The development model is finished

An interesting graph on the state of the housing subdivision industry in America posted at the Daily Reckoning.

This is the lowest rate of development since statistics began in the 1950’s, which is to say the time when the modern development system was created. A new model of urban growth is now not only a better idea, it has become a necessity. Only those communities that adopt emergent urbanism will get out of this crash, and hopefully they will adopt this new urbanism deliberately instead of being swarmed with squatter settlement.

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7 responses to “The development model is finished

  1. Only those communities that adopt emergent urbanism will get out of this crash

    This sounds like wishful thinking. There won’t be squatter settlement, as the problem is too much housing, and a mismatch in finances between buyers and lenders. Every foreclosure ends up being resold to someone who will live in it, or rent it out; and banks are slow to foreclose, which lets people stay in housing they can’t afford. Once all the financial mess is cleared up, there will be plenty of housing; but eventually demand will pick up again. There’s nothing about this crash which would particularly encourage more sensible development patterns in the future.

  2. Mathieu Helie

    “Too much housing” is an aggregate observation. The specific reality is that there are useless houses in the wrong places, and a housing crisis in the places where housing is needed.

    There are already squatter settlements in these places. Denial is a dangerous activity.

  3. Mathieu Helie

    Not worth making a new post about, but still interesting. A second child star of Slumdog Millionaire saw her home demolished by the authorities. The reason was to build a pedestrian overpass.

  4. Matthieu – ‘“Too much housing” is an aggregate observation. The specific reality is that there are useless houses in the wrong places, and a housing crisis in the places where housing is needed.’

    An excellent observation that explains a lot of the disconnect between those who take an exclusively supply-side or demand-side approach to explaining the housing bubble. On one hand you have libertarian-leaning pundits who argue that growth controls need to be removed to allow for more suburban subdivisions. On the other side are a lot of smart economics commentators who speak only to how financial innovations drove demand without giving so much as a nod to the broken business model of real estate development. Both groups are partially correct, in the aggregate, but neither side has a grasp of all the relevant issues – in finance, housing, and land use policy – to make sense of things from a micro level. It just seems like there’s a void in public discourse (and consequently public policy) at the intersection of these fields.

  5. Interesting topic to think about. I think the main thing to consider here is the end of an entrenched system. There was enormous complexity surrounding the act of paying thousands of dollars for a piece of stone to put a cutting board on and appliances that look like something out of a machine shop.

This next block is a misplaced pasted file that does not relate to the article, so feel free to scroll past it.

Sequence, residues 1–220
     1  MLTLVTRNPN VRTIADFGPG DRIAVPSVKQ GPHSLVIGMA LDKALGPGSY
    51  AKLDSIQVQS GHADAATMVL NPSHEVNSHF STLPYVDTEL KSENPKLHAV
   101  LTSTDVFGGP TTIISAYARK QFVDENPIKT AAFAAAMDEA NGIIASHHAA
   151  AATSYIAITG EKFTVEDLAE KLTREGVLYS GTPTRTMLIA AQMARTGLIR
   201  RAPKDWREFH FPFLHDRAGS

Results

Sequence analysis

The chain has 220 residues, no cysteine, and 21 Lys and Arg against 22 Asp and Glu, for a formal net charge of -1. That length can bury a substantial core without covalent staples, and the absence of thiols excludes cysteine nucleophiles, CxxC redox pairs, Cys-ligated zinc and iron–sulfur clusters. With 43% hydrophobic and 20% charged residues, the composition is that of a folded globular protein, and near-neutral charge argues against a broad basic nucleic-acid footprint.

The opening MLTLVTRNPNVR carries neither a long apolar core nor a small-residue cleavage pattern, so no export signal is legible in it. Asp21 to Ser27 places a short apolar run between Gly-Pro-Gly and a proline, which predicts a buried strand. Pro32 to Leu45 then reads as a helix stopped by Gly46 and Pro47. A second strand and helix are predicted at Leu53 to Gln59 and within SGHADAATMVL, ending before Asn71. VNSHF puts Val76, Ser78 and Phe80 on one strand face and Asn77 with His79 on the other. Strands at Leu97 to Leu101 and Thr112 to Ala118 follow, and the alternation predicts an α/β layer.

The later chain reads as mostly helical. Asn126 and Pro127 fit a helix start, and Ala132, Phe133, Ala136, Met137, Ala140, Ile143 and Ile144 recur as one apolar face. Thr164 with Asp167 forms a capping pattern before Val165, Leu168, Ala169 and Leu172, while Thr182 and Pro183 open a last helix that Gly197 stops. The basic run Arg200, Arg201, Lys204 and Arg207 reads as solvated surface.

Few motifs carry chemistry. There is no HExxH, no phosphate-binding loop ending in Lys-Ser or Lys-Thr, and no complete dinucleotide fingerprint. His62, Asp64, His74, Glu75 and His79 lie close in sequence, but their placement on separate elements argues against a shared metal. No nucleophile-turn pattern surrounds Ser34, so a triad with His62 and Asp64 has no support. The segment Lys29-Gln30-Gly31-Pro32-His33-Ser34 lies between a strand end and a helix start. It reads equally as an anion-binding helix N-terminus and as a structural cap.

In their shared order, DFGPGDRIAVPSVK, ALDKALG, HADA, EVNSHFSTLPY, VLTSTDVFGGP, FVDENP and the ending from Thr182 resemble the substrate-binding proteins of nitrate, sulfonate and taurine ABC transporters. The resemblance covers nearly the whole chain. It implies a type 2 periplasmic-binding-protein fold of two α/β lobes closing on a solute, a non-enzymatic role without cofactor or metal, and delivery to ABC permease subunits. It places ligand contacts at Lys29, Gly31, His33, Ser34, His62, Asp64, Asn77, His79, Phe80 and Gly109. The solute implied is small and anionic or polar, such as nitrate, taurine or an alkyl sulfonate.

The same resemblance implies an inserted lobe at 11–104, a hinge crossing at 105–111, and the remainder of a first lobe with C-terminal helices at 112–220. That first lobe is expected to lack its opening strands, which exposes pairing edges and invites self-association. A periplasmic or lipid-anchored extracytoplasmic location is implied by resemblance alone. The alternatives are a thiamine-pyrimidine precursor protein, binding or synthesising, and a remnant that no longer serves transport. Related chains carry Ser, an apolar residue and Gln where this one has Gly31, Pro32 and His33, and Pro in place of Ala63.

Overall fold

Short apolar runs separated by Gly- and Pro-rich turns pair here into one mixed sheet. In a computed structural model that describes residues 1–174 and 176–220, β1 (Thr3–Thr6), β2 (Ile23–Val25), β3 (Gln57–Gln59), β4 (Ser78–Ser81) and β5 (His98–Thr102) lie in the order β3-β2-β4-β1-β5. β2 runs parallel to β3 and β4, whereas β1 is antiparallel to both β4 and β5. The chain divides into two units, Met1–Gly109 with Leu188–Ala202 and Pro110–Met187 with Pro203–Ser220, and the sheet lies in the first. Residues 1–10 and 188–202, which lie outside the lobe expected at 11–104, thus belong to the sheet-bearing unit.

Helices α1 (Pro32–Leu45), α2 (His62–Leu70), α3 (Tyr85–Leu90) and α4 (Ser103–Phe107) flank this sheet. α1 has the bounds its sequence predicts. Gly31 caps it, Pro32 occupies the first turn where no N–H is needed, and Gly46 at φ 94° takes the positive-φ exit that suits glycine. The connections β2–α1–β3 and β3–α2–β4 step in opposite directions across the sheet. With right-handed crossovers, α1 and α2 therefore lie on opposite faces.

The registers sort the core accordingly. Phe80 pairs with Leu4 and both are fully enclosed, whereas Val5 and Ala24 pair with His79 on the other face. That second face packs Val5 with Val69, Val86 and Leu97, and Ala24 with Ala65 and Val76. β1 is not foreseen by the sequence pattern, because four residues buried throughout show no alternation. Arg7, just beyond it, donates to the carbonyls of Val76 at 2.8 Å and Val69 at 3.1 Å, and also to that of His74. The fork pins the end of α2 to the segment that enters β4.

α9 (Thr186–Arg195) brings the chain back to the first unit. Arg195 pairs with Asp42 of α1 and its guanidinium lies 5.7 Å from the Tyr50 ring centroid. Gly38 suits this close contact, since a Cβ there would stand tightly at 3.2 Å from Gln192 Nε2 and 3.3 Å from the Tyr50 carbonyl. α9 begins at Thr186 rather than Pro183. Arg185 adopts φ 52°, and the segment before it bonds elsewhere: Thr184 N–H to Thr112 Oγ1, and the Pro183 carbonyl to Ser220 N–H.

The people that were involved in the system, developers, retailers, lenders, HGTV….etc weren’t conservative by nature, but they were making a killing and happy to keep the racket going.

    In my mind, a combination of their greed (overbuilding), the sustainability movement (maybe wishful thinking), and a cultural shift away from suburbs (perhaps sex and the city was worth it after all) destroyed demand.

    The thing is, all those people are still out there. They didn’t magically disappear, and they’re in three camps.

    The first group is trying to wait out the storm so they can start building suburbs again.

    The second group is trying to draw funding for projects that were innovative 20-30 years ago (or 80-90 years ago, depending). These are the types that hate New Urbanism and TOD but figure they might as well give it a try.

    The third and by far the smallest group, is looking for new ideas, innovating, trying new and different things out. These people might try to build a development with the ideas of emergent urbanism, but I suspect they’d fail.

    In fact, for emergent urbanism to succeed, all three groups will have to fail. The builders and financiers will have to reintegrate into society. Instead of “building a development” they’ll need to use their expertise (which is actually quite substantial), to incrementally develop a place.

    I suspect our downturn is severe enough that the developers will fail to kick start things, but I’m not quite certain how likely a community would be to adopt a plan like emergent urbanism. The idea, while not quite fresh, would need an entirely new legal framework. There aren’t any guidebooks for implementation, or really many books on the matter at all. Honestly, the only one that comes even close is Christopher Alexander’s A New Theory of Urban Design.

    If emergent urbanism is adopted in the near future, it will likely only exist in places where government has given up on trying to regulate what is going on.

  6. Those record low rates for housing starts reflect all of the US. Do you happen to have something that shows certain types of housing starts or housing starts in urban locations are up, or at least down far less than the overall numbers?

  7. Pingback: Housing starts on a graph, or more evidence that we’re due for a new paradigm | EcoSilly

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